DM of the Rings LXXIV:
Equestrian Diving Event

By Shamus Posted Monday Mar 12, 2007

Filed under: DM of the Rings 111 comments

Aragorn rides a warg.
Aragorn gets cliffed.

If the DM is against you, it doesn’t matter what you roll. You’re going down.


From The Archives:

111 thoughts on “DM of the Rings LXXIV:
Equestrian Diving Event

  1. Shamus says:

    Sorry for the late posting on today’s strip. I should point out that many Bothans went without lunch to bring you this comic.

    1. joesolo says:

      star wars ftw!

    2. Wide And Nerdy® says:

      Ha ha! I get to be the second nested post because comment nesting wasn’t a feature on your site nine years ago.

      1. meltard says:

        let’s see how deep this nest can go!

        1. VeryPeeved says:

          not very far, apparently.

          wait, shit.

          1. Droid says:

            What a vile pyramid scheme you have going here!

            1. Turtlebear says:

              Surely we must almost be at the top by now. Or maybe the bottom. Wait, how do pyramid schemes resemble pyramids? Is the starter at the top to represent one person handing down to multiple people, hence it widening? Or maybe they start at the bottom, as the first person is the foundation of the whole scheme. Maybe I’m overthinking this.

              1. imarobot says:

                beepboopboopboop boop boop boopbeepbeepboop beepboopboopboop beepbeepbeep beepbeepbeep boopbeepbeepboop

  2. vonKreedon says:

    When I DMed I loved doing that sort of thing to the players, make them roll for things they expect to be automatic, like falling out a window. Of course, a lot of the rolls I made them take were for no reason at all other than to keep them guessing about what rolls meant anything.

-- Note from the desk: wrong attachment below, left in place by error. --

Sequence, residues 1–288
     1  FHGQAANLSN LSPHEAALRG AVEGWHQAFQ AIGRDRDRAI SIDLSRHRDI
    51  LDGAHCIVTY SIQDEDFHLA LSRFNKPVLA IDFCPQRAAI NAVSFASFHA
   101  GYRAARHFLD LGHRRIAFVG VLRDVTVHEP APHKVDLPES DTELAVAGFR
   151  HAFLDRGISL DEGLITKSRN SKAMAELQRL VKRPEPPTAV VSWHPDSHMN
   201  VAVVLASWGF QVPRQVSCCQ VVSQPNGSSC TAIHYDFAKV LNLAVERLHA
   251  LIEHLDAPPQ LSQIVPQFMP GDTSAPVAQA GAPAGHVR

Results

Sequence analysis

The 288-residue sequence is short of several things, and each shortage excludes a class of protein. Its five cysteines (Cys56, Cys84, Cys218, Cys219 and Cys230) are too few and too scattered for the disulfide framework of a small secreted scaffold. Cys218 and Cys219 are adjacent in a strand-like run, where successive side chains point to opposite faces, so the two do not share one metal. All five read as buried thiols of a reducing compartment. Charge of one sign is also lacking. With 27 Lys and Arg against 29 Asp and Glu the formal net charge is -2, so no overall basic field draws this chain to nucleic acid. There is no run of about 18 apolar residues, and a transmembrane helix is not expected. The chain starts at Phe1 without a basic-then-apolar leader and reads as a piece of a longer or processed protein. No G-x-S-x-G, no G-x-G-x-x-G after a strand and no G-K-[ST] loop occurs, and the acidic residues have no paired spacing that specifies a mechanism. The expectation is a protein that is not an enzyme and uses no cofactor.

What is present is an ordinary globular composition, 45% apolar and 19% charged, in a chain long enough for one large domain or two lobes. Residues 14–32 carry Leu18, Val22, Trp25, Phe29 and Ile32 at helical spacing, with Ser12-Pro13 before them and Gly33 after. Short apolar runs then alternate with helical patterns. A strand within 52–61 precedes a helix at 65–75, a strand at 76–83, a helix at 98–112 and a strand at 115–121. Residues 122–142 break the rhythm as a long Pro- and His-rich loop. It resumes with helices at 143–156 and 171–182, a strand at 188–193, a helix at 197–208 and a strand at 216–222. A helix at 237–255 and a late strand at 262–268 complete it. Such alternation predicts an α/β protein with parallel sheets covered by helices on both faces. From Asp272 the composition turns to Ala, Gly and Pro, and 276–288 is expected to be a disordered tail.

3. Badger says:

    Worth the wait my man…. bwahahaha that tought him ;o)

  4. Steve says:

    Ah yes, Nature’s Call, the combat-slowing thing that is never mentioned in the “tips to speed up play” columns. I will mention it.

    …drone drone roll all the dice together…dribble drool…learn character abilities before needing to use them…babble…blither…

    Tip 14. Do not hold combat for someone giving up their lease on a 2-liter Coke or Big Gulp. Everyone goes to the potty before we start combat, or ends up with their character fighting defensively while their player is incommunicado.

    That is one horrible colour for a D20 too. Yech!


  5. Dw00 says:

    New commenter here, just poking in to say I love the comic.. er.. campaign.

  6. Shamus says:

    Yeah the construction site orange dice are the worst looking set I have here, although they are very, very easy to read. In fact, I’ve found the better looking dice are, the more unreadable they are. I used those polyhedral traffic cones myself for most of the Mar Tesaro campaign.

  7. Rod says:

    Love the look on Aragorn’s face in frame 5!!!! Great comic, keep up the good work :)


  8. Sartorius says:

    I have a set of dice that are the precise crystal-orangey color and transparency of Triaminic, the children’s cough tonic many will remember and loathe for its syrupy, mockery-of-orange taste. I have actually had players become ill from looking at them and recalling the taste. Bwa ha ha.

  9. -Chipper says:

    Heehee! I think the DM is just finding a way to remove Aragorn’s invisible leather TARDIS.